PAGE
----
Body Image Concerns
Following national standards for excellent care, Columbia Health has established a multidisciplinary team of specialists in eating disorders. Students enrolled in Columbia Health are eligible to receive eating disorder assessments and counseling on campus.Students receiving care at Columbia Health may be provided with short-term individual psychotherapy, group counseling, nutrition counseling, and medical monitoring. The team will continue to assess a student's progress over time and make recommendations based on the student's engagement in treatment and level of functioning.
Eating Disorders Team
The Eating Disorders team is comprised of medical providers and mental health practitioners—physicians, nurse practitioners, nurses, nutritionists, social workers, and psychologists. Students initially demonstrating an eating concern will see a therapist, a nutritionist, and a medical provider for individualized assessments.
Members of the eating disorders team work closely together to provide appropriate assessment of, and treatment for, students with a range of eating, weight, and body image concerns. The team then reviews initial assessments and makes recommendations for treatment.
Consider making an appointment with the team when experiencing one or more of these concerns:
- Significant preoccupation or dissatisfaction with your body shape or weight
- Self-worth is unduly influenced by your body image
- Persistent food restriction due to a fear of gaining weight
- Persistent over-exercising
- Intense fear of gaining weight or becoming fat
- Recurrent episodes of binge eating
- Recurrent inappropriate behaviors in an effort to control weight, such as self-induced vomiting, misuse of laxatives or diuretics and so forth
The mental health professionals on the team are:
Annette has over 15 years of experience providing individual and group therapy and psychoeducational outreach to students with a range of eating concerns and has served as the clinical team leader since 2007. She has presented at national and international conferences on the treatment of eating disorders and is a member of the Academy for Eating Disorders. She has conducted research on the impact of acculturation, depression, and body dissatisfaction on disordered eating and continues to be curious about social, cultural, and interpersonal factors that may contribute to the development and maintenance of eating disorders. Annette believes the journey toward recovery can be a challenging one but with the appropriate level of support from a multidisciplinary team of eating disorder professionals, students can learn healthy ways of coping with stressful situations; improve their relationships with food, self and others; develop problem-solving skills; improve body image; and maintain a healthy, balanced lifestyle. Annette is fluent in Spanish.
Mary Beth’s research has focused on understanding body shame, including the ways in which media-based messages as well as important relationships impact this experience. She is particularly interested in helping students develop healthy relationships with food and their bodies.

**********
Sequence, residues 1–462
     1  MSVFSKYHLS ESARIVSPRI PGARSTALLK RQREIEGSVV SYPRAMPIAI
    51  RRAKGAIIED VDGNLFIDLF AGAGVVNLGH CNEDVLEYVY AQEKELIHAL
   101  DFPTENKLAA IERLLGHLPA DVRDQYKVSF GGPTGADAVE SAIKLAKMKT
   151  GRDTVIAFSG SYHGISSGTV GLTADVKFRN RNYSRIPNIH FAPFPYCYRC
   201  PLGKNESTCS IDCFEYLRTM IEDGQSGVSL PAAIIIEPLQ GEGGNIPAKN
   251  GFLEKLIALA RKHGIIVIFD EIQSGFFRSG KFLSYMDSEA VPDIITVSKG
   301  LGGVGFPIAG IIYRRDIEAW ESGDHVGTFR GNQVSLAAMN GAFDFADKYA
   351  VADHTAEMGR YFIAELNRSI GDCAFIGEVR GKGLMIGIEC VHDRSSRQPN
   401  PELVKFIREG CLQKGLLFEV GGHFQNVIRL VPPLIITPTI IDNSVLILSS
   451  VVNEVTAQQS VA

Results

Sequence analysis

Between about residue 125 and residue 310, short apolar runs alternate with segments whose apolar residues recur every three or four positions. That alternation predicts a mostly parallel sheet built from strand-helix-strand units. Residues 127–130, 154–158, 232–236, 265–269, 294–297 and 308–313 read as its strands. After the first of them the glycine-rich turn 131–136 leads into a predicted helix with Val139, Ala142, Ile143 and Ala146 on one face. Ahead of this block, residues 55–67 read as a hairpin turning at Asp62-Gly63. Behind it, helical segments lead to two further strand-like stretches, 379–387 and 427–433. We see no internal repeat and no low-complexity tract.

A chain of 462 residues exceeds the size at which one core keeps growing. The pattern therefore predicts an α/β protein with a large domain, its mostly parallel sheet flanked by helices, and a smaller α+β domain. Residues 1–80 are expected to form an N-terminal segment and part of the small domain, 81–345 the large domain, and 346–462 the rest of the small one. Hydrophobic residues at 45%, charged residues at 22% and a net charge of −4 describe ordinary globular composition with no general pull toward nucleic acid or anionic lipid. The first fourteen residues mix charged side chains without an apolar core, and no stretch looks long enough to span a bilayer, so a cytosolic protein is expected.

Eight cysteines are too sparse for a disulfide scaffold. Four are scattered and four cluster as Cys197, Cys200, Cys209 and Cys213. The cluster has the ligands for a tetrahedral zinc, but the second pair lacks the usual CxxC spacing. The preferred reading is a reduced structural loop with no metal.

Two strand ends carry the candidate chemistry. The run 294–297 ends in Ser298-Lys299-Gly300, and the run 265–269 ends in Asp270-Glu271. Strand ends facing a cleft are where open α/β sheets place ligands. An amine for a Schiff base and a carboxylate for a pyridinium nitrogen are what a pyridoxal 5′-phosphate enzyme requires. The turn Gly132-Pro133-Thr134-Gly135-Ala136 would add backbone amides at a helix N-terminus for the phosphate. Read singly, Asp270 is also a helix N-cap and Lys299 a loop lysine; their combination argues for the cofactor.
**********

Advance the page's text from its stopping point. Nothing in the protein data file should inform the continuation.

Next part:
Sadi has experience working individually and running group therapy with people who are struggling with eating disorders. She tailors her treatment to the individual’s unique presenting concerns and works to focus on an individual’s psychological health and overall well-being. Sadi supports the individual in their courageous journey toward eating disorder recovery.
Sául joined the Eating Disorders team in the summer of 2015. His work on this interdisciplinary team has informed his understanding of the benefit of treating eating concerns holistically, rather than focusing strictly on psychological factors. The work of eating disorder recovery is difficult. Sául believes that validating students’ struggle with recovery, educating them on the components of a comprehensive treatment plan, and providing support as students begin to make changes are crucial to effective intervention. Sául is fluent in Spanish.
Doreen has worked for many years as a child and adolescent psychiatrist. One of her main areas of interest is facilitating the emotional and psychological transition to adulthood. Eating disorders sometimes arise during this period of transitions. She understands that while a person may or may not be particularly distressed by eating disorder symptoms, these symptoms often do represent stress in one or more areas of a person’s life such as social, emotional, academics, and family. She takes a multidisciplinary approach in helping people recover from eating disorders. Doreen is fluent in Mandarin.
Hina joined the Eating Disorder team in 2017. She brings an integrative orientation to her clinical work with students who present with a range of eating concerns, combining aspects of psychodynamic and cognitive therapy. Her clinical and research interests include an exploration of how issues related to cultural identity impact students’ relationships with food and their bodies, and how sociocultural messages contribute to the development of eating disorders. Hina is fluent in Hindi and conversant in Urdu.
For consultation or additional information, contact Annette Santiago-España, psychologist and clinical team leader, at 212-854-2878 or firstname.lastname@example.org.
Support Groups and Workshops
When there is sufficient student interest, we offer a variety of groups and workshops that may be of interest, including Making Peace with Food and Reawakening Your Healthy Self: Eating Concerns Group for Women.